BALTIMORE (WJZ) -- It won't be long before offshore wind is powering homes in Maryland, but with so few examples of completed wind farms in the United States, it's hard to fully imagine what a completed project will look like.
That's why Ørsted, a Danish power company, and the Maritime Institute of Technology and Graduate Studies in Linthicum Heights teamed up to create the Mid-Atlantic's first offshore wind farm simulator, bringing these massive projects to life.
"This is a brand-new industry here in the United States, said Brady Walker, Ørsted's Head of Government Relations for Maryland and Delaware, "There is not a commercial-scale wind farm in operation here right now. "
That will soon change, as companies like Ørsted continue to develop projects in our own backyard. Skipjack Wind, off the coast of Delaware and Maryland, will generate enough clean renewable energy to power about 300,000 homes and businesses on the Delmarva peninsula.
"For Maryland's first offshore wind farm - a really impactful commercial utility-scale offshore wind farm," Walker said.
Skipjack is projected to be completed by 2026. Without seeing a completed project in person, it's hard to envision the scale of a commercial wind farm, which is why the offshore wind farm simulator is so important.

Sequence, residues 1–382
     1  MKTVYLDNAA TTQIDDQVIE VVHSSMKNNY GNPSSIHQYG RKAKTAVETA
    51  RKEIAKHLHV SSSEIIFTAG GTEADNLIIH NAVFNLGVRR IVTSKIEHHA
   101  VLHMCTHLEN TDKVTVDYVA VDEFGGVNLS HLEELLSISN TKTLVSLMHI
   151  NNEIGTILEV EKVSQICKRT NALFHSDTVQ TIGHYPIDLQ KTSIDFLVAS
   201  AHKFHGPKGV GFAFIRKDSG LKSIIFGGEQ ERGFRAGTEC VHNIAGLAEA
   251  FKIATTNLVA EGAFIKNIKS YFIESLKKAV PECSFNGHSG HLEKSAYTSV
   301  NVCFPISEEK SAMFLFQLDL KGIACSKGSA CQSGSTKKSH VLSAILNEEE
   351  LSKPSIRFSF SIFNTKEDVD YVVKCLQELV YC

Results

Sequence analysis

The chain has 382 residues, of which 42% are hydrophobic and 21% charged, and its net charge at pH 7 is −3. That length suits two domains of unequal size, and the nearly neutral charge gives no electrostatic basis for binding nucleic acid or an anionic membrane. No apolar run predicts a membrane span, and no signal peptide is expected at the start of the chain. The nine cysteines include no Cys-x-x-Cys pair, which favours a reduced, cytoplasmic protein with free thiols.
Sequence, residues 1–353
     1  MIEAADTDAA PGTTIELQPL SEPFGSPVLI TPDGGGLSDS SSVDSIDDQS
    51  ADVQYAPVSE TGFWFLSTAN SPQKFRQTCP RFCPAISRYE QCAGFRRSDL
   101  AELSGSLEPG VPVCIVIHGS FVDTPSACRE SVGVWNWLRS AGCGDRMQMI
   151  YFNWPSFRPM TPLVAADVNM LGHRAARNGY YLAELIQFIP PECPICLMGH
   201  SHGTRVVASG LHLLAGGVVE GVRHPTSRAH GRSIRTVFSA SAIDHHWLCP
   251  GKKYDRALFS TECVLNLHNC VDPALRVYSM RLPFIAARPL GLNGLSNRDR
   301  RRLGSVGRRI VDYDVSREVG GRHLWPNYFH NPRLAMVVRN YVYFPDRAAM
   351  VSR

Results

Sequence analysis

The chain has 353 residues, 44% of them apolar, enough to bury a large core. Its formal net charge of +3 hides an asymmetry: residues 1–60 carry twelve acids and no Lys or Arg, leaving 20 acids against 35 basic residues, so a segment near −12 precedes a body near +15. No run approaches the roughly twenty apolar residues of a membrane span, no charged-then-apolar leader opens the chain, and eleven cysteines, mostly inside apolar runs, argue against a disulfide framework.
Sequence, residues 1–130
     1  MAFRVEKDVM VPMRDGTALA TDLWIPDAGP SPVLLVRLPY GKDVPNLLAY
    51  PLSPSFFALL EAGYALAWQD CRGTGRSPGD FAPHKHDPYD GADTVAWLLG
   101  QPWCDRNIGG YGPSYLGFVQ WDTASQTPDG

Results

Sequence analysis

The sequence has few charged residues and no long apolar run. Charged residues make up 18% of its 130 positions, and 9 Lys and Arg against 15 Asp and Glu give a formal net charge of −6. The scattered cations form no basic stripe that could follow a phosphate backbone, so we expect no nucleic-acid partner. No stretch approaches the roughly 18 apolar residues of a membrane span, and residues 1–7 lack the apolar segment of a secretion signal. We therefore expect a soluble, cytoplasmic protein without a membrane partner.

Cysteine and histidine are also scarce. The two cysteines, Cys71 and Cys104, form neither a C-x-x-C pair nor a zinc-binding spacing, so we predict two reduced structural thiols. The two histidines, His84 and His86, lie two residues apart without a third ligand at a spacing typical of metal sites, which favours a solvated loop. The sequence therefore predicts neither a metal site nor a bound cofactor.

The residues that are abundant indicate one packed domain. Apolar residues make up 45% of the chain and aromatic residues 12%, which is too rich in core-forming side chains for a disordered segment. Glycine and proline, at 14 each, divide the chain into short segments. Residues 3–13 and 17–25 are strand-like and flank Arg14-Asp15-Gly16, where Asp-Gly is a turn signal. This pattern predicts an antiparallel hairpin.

"The purpose of this wind farm (simulator) is to be able to bring people in, to be able to make this experience accessible and to make ourselves accessible to answer questions," Walker said.
It also allows ship captains the opportunity to practice navigating their vessel through a wind farm in any condition.
Walker says, "It's hard to imagine sometimes what it's like to work or navigate through one of these wind farms without traveling to Europe or other places."
With offshore wind being all but guaranteed part of America's energy future, it's something we should all get used to.
"Offshore wind in the US has the capacity to power millions and millions of homes," said Walker, "There will be offshore shore wind farms planned up and down the east coast and when they all do come online they will be a really significant and reliable part of the energy grid."
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